“Deadset, half of those kids have never seen live music”

Darlow also lamented how times have changed: “These days I go to a school and deadset, half of those kids have never seen live music. As a kid I would want to go and see a band on the weekends but these days they have Youtube, X-Factor and such. It’s on their phones, they can look at it whenever they want.” Scott believes that seeing live music is a spiritual experience that cannot be outdone by a small screen on a device. “Going in and providing that experience to teenagers and then talking about things that you think are really important, like Indigenous issues, I found that it is a very effective way to inspire empathy amongst teenagers and that’s what brings about change.”

So Scott Darlow is a busy man.

darlowsorry-itunescoverThe album ‘Sorry’ is a formidable mixture of pop and country, hard rock and ballad that is hard to pigeon-hole. Darlow’s medium-pitched voice is the perfect vehicle that moves effortlessly between the musical modes on this album and anchors the work as his own amongst the stylistically-ambiguous tunes. It is that variance, that flexibility in style that makes this album particularly interesting and cements Darlow as an artist that is anything but a one-trick-pony. Lyrically, the songs on this album range from entreating apology to the sweetest of love-songs; from the political to the whimsical. There is a broad appeal here.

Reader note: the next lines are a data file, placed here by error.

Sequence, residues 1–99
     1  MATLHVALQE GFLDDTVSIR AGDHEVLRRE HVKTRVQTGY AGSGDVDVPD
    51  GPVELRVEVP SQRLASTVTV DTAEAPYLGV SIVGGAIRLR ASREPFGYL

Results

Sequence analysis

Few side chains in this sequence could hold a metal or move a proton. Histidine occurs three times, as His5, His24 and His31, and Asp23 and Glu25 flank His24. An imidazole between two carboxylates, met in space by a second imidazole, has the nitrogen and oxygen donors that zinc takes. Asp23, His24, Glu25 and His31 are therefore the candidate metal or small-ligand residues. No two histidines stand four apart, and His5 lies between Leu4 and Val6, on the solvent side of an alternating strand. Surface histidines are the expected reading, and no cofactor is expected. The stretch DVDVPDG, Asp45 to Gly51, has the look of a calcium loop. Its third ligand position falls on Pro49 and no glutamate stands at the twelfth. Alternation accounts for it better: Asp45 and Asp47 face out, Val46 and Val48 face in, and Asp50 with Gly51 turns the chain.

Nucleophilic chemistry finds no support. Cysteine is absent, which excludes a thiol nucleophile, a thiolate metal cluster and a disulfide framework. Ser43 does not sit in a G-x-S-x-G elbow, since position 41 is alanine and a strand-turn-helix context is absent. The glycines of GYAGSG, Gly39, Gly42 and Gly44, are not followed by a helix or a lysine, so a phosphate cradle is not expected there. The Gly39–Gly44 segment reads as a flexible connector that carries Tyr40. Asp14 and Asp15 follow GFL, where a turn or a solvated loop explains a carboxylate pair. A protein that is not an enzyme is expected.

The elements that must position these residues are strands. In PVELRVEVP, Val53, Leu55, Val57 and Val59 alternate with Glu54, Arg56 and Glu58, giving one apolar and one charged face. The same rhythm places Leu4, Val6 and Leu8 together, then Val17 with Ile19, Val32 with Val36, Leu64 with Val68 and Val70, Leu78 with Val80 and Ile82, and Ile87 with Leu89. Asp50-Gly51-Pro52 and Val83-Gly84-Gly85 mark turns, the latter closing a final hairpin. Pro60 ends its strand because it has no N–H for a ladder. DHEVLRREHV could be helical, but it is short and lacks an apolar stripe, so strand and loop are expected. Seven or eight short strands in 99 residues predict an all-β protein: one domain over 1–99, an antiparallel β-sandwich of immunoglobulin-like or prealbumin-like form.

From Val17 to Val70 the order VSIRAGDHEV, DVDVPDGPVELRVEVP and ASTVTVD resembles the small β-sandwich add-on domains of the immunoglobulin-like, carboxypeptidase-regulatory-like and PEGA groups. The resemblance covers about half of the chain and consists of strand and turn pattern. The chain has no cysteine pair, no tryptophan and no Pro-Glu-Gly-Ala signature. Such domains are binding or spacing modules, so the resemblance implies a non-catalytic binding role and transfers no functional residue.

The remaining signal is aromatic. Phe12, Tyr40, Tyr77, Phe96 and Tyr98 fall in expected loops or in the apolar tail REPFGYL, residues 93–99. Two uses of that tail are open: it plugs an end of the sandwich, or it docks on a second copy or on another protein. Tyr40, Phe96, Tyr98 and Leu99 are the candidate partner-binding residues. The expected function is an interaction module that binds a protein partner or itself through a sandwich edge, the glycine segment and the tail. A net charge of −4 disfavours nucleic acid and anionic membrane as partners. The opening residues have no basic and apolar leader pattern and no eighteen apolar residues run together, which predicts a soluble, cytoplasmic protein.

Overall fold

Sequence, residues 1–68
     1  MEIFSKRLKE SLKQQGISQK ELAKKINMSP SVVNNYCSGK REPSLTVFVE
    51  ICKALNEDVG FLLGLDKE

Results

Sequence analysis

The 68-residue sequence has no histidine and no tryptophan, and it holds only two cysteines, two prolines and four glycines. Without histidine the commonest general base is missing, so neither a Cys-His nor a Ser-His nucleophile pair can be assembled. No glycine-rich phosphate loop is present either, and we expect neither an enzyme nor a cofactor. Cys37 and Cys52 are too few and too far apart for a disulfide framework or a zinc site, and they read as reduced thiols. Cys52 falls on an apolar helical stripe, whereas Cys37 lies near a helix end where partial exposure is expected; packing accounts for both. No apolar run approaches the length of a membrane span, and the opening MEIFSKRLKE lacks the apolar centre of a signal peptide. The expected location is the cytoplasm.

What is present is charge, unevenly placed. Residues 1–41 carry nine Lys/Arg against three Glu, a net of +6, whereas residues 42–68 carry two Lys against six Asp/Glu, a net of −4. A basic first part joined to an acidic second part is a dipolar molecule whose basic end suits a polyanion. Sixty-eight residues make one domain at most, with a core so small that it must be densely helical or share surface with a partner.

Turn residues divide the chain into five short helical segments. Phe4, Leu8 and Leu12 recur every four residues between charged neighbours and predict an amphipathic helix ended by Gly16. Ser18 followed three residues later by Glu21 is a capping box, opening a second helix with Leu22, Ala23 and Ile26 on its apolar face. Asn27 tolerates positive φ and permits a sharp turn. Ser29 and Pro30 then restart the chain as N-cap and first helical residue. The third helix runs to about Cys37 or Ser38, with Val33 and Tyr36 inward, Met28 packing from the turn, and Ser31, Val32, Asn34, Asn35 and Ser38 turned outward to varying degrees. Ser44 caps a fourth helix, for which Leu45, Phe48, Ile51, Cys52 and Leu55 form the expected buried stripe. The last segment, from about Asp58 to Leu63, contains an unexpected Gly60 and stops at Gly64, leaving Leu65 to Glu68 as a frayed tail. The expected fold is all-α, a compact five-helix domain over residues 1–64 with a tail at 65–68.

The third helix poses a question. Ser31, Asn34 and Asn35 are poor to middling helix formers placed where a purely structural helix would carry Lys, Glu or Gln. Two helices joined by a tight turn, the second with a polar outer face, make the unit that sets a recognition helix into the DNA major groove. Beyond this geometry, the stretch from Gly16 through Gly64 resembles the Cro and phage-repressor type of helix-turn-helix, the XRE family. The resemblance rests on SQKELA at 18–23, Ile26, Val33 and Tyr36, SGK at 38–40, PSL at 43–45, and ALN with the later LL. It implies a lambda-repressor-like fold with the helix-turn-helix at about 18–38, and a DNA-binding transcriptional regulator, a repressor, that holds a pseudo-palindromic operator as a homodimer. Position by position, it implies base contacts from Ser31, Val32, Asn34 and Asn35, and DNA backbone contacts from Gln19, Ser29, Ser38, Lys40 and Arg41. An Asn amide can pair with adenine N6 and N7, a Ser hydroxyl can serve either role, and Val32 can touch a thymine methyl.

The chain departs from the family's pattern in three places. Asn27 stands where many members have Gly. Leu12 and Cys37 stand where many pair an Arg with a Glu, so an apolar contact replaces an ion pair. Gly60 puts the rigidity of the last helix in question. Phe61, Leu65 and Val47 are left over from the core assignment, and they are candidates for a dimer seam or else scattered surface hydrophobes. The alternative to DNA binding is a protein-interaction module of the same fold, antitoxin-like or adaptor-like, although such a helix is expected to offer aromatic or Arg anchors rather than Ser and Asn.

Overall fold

The title track ‘Sorry’ is a song of great magnitude in both structure and message. One could posture that it has been released all too late on a political level however the message is just as relevant today, the pain is still there and recognition and reconciliation is still incomplete. There is still a long way to go and Darlow is perfectly positioned and able to keep the conversation going. This track has the potential to be an anthem for the times, past and present.

“When you go and sing someone’s else’s song, you risk messing with people’s memories”